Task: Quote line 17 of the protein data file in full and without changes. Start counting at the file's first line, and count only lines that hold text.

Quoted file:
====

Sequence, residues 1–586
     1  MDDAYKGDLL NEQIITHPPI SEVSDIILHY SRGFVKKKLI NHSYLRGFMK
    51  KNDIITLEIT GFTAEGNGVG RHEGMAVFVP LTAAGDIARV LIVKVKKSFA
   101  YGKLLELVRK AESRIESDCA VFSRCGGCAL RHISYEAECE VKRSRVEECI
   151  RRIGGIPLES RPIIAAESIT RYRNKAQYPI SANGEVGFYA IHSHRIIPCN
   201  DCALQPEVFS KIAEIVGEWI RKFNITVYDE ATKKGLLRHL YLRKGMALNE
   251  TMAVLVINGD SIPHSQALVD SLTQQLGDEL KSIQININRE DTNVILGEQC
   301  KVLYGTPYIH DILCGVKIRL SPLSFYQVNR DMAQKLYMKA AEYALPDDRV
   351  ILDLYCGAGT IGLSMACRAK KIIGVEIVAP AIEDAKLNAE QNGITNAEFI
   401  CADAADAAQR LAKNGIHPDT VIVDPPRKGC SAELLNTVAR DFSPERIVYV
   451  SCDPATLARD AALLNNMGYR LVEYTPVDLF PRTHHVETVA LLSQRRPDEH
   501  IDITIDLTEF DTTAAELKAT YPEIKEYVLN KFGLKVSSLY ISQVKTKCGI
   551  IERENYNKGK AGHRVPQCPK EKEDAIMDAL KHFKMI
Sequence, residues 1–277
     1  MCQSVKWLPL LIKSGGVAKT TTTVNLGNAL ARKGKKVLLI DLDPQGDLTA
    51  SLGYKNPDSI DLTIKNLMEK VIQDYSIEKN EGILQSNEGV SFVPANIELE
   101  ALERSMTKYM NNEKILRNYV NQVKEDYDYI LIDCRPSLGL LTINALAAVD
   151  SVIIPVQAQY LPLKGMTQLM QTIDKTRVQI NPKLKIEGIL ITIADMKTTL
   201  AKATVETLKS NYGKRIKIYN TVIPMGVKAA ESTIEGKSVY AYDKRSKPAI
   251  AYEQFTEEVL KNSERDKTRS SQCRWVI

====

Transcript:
   101  ALERSMTKYM NNEKILRNYV NQVKEDYDYI LIDCRPSLGL LTINALAAVD